V. Reductions in Force

52. A reduction in force is necessary whenever there are too many employees in a particular job classification. For P & M employees, the collective bargaining agreement provides that learners and probationary employees are laid off first (no matter what their seniority), followed by the least senior employee in the job classification. Such an employee has the option of taking a position in the next lower job classification within the job family if there is an employee with less seniority who can be bumped. Although an employee can bump down through all the job classifications within his job family, he cannot bump an employee in another job family, no matter how great his seniority. However, if a surplus employee has been unable to bump any employee in the job classifications within his job family, he can enter the labor pool if he has more seniority than the least senior employee in that unit. If an employee who bumps down is unable to perform adequately, he may be placed on layoff status, at which time he forfeits recall rights. If a surplus employee cannot find another position by bumping another employee, then he will be laid off. Of course, an employee can choose to be layed off instead of bumping down to a lower job classification, and a surplus employee layed off either voluntarily or involuntarily retains recall rights and rights to his old job. A P & M employee with five or more years seniority has recall rights up to five years, and other P & M employees have recall rights up to three years.

53. Layoffs of non-unionized employees are not controlled by a written agreement. Nevertheless, non-unionized employees have informal recall rights, and seniority is an important factor in deciding who will be laid off.

VI. Discipline Procedures

54. Records of reprimands and disciplinary actions are kept by means of employee reports, which are issued by first level supervisors in the P & M unit. Discipline is on a progressive system, from oral warnings, to reprimands, disciplinary actions, and discharges, although immediate discharges may be given for serious infractions. There are no written standards concerning the issuance of employee reports, so that the subjective judgment of the supervisor is controlling. The goal of the Company's disciplinary system is to provide employees with an opportunity to correct deficiencies in work or behavior.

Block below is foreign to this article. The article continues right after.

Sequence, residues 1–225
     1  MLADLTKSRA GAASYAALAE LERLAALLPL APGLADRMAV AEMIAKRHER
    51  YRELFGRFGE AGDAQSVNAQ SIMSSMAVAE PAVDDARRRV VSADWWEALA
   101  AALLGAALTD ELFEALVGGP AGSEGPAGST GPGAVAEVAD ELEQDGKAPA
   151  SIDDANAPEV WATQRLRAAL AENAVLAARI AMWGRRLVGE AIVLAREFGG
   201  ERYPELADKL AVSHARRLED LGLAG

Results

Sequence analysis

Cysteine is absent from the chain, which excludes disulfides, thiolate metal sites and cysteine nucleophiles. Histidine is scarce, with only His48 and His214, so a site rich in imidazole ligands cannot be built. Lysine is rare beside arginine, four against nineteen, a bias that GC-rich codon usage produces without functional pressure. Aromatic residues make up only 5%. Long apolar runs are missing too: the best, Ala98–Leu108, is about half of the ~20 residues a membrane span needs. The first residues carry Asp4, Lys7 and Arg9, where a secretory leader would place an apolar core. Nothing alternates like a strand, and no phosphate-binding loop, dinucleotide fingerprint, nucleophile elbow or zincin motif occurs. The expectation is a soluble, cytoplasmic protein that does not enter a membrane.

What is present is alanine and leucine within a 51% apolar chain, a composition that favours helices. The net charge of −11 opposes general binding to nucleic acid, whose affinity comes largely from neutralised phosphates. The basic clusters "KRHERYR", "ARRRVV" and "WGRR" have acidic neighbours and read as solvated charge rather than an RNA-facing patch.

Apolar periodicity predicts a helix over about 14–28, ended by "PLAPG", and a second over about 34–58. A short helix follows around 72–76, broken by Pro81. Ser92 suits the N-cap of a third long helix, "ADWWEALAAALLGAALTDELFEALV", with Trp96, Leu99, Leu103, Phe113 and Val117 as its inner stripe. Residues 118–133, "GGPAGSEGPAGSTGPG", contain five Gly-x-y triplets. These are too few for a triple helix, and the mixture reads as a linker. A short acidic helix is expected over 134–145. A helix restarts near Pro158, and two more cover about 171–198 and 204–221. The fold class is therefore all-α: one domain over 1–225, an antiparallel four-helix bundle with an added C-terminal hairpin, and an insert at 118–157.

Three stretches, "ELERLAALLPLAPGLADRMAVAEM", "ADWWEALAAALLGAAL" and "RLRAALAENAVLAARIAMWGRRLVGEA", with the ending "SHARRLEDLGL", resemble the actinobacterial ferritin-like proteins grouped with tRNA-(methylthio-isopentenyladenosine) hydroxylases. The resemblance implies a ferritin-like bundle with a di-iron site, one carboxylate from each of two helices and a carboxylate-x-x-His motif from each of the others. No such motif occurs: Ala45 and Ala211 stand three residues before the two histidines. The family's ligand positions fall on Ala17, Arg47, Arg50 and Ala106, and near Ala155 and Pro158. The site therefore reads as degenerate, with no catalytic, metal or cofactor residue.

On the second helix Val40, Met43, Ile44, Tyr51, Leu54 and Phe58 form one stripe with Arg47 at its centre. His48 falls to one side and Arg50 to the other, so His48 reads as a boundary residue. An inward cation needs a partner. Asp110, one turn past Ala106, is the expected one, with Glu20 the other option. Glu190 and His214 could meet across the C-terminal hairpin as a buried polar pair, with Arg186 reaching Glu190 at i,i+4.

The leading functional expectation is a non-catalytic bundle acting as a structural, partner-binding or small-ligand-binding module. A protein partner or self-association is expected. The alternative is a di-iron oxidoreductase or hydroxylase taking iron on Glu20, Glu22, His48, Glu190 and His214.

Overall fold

55. Employee reports are signed by the affected employee, and copies are placed in the employee's central personnel folder and the employee's shop folder, which is kept by his supervisor. In addition, the employee himself gets a copy. If an employee does not receive an employee report for a period of ten months, all preceding employee reports should be expunged from his record, and notices to expunge are sent to the Personnel Department and to the relevant shop supervisor. However, there is no system to check if the reports actually are removed from the shop files, and in fact, some employee reports are not removed and may be considered improperly. In making promotion and transfer decisions, supervisors may consider any and all employee reports in the employee's file, although reports *1153 based on workmanship are given primary consideration.

56. To insure that the disciplinary system is as fair as possible, Company rules are posted so that employees should know them, and the rules specify the appropriate punishment for particular kinds of behavior. Disciplinary actions must be cleared through the Labor Relations office, which attempts to insure a uniform application of disciplinary rules. Thus, a supervisor cannot write an employee report and put it in an employee's official file without getting the approval of a Labor Relations representative.

57. The most common cause for issuing an employee report is absence from work. Attendance data is collected in the Company's computer system, which records the times that employees clock in. Each day an Exception Report is prepared which lists those employees who are absent or late. Exception Reports are verified by supervisors, and Exception Reports are consulted before an employee report is issued on the basis of attendance. Actual issuance of an employee report on the basis of attendance is in the discretion of the supervisor.